Another Facebook mega


What a bird! This doesn’t really come into the sort of taxonomically obscure, hard-to-identify bird that Martin loved best. But he would still have enjoyed it immensely, he would have been in his element among the small crowd gathered on Shetland today. And he’d probably have asked a couple of questions that no-one else thought to ask as well.

It was easy enough to age and sex this terrific Rose-breasted Grosbeak as a 2CY male, with a nice mix of retained juvenile and newly moulted feathers – mostly juvenile remiges (it’s moulted the two innermost tertials on both sides), retained primary coverts and alula, new median and greater coverts, new central tail, old outer tail (etc). It was singing as well! Just occasionally, it delivered a few beautiful, really Blackbird-like, clear fluty notes. It’s the first for Shetland and fourth for Scotland (two Outer Hebs, one Orkney, not including one on an oil rig in Sea Area Fair Isle in 2012).


‘Another Facebook mega’ – the last three mega-rarities in Shetland have all been found at garden feeders, with images posted on Faceboook for the birding community to find there. It’s a major health risk – if you’d just lifted a large pan of boiling tatties off the stove and just happened to glance at your iPad before tipping them into the colander in the sink, you could end up with scalded feet and a right mess on your kitchen floor. Joking aside, the future is surely here though – surfing social media to find images of unidentified megas is the next best thing to being out in the field. First it was Oriental Turtle Dove in Scalloway last November, then Mourning Dove in Lerwick on Boxing Day, now this, in a lovely little garden in the birding backwater of West Burra. So you can forget autumn, all you glory seekers, that’s sooooo last year. Come to Shetland when it’s friggin’ cold and spend your time checking garden feeders.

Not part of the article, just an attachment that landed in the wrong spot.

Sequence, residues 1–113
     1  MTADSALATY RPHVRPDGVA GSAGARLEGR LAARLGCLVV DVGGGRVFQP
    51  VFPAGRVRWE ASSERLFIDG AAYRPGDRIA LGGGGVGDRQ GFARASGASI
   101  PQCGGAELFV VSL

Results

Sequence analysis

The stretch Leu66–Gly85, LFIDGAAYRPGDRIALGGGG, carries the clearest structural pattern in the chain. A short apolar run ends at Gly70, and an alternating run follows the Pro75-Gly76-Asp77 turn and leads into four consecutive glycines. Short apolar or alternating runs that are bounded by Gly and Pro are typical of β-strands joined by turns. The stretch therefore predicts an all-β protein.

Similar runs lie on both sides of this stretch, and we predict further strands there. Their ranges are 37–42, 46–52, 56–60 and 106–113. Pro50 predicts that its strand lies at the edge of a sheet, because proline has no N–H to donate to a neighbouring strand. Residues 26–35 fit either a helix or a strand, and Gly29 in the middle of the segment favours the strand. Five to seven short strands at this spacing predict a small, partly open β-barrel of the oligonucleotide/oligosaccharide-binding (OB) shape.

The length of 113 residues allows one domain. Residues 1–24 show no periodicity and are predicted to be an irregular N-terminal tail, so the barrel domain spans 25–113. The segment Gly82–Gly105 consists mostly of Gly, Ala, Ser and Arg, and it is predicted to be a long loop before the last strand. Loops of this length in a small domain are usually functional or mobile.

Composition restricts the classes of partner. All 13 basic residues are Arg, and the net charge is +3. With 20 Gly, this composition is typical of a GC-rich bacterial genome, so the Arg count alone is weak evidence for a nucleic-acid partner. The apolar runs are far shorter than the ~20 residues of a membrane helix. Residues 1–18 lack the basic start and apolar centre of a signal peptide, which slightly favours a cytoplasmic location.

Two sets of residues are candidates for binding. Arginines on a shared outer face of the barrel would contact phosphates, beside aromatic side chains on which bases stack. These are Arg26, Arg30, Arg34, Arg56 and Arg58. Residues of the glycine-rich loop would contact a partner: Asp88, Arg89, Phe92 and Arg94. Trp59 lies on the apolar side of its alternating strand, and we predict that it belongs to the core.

And the (Facebook) trend will surely continue. To ensure you don’t miss the next monster on your patch, make sure your social media skills are up to scratch.

Grateful thanks to my old Birding Frontiers/Champions of the Flyway team-mate Adam Hutt (in Yorkshire) for being the first to tell me about the Burra Grosbeak – and especially to the owners of all three gardens chosen by the two pigeons and today’s star bird – all of them typically friendly and accommodating.

Roger Riddington


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